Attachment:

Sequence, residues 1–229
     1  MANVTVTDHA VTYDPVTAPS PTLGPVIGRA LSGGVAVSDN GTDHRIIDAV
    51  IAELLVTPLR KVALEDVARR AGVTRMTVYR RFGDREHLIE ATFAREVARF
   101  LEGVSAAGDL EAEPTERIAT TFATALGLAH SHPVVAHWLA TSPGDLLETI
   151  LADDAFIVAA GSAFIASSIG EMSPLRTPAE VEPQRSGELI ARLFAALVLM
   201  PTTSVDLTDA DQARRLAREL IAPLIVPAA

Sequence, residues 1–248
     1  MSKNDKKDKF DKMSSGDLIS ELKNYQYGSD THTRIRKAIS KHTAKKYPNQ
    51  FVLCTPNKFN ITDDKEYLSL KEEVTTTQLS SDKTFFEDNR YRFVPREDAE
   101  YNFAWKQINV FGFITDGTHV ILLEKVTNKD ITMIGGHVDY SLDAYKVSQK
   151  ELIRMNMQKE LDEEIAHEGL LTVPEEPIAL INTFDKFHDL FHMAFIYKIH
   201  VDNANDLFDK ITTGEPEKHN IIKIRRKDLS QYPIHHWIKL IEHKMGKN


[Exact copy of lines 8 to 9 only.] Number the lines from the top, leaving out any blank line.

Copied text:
     1  MSKNDKKDKF DKMSSGDLIS ELKNYQYGSD THTRIRKAIS KHTAKKYPNQ
    51  FVLCTPNKFN ITDDKEYLSL KEEVTTTQLS SDKTFFEDNR YRFVPREDAE